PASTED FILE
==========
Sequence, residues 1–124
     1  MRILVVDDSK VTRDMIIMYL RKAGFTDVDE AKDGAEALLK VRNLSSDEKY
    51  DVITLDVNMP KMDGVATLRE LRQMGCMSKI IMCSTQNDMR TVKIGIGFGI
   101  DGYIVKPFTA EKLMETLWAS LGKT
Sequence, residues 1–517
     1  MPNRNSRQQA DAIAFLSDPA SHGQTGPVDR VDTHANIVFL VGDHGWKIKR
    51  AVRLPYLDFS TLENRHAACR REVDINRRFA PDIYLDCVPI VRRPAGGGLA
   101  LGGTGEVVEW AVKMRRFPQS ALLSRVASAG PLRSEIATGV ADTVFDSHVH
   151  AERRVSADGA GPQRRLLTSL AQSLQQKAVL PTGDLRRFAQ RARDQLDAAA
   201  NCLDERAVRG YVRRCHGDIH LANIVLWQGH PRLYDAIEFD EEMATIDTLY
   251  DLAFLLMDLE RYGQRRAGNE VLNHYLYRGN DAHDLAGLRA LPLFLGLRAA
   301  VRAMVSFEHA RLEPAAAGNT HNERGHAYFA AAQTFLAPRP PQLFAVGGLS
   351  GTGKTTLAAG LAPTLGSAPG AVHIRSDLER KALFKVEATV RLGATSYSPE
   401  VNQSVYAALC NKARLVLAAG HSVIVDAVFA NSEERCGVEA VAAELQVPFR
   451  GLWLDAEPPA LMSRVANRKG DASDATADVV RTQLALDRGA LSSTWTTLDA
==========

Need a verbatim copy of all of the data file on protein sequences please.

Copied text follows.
Sequence, residues 1–124
     1  MRILVVDDSK VTRDMIIMYL RKAGFTDVDE AKDGAEALLK VRNLSSDEKY
    51  DVITLDVNMP KMDGVATLRE LRQMGCMSKI IMCSTQNDMR TVKIGIGFGI
   101  DGYIVKPFTA EKLMETLWAS LGKT
Sequence, residues 1–517
     1  MPNRNSRQQA DAIAFLSDPA SHGQTGPVDR VDTHANIVFL VGDHGWKIKR
    51  AVRLPYLDFS TLENRHAACR REVDINRRFA PDIYLDCVPI VRRPAGGGLA
   101  LGGTGEVVEW AVKMRRFPQS ALLSRVASAG PLRSEIATGV ADTVFDSHVH
   151  AERRVSADGA GPQRRLLTSL AQSLQQKAVL PTGDLRRFAQ RARDQLDAAA
   201  NCLDERAVRG YVRRCHGDIH LANIVLWQGH PRLYDAIEFD EEMATIDTLY
   251  DLAFLLMDLE RYGQRRAGNE VLNHYLYRGN DAHDLAGLRA LPLFLGLRAA
   301  VRAMVSFEHA RLEPAAAGNT HNERGHAYFA AAQTFLAPRP PQLFAVGGLS
   351  GTGKTTLAAG LAPTLGSAPG AVHIRSDLER KALFKVEATV RLGATSYSPE
   401  VNQSVYAALC NKARLVLAAG HSVIVDAVFA NSEERCGVEA VAAELQVPFR
   451  GLWLDAEPPA LMSRVANRKG DASDATADVV RTQLALDRGA LSSTWTTLDA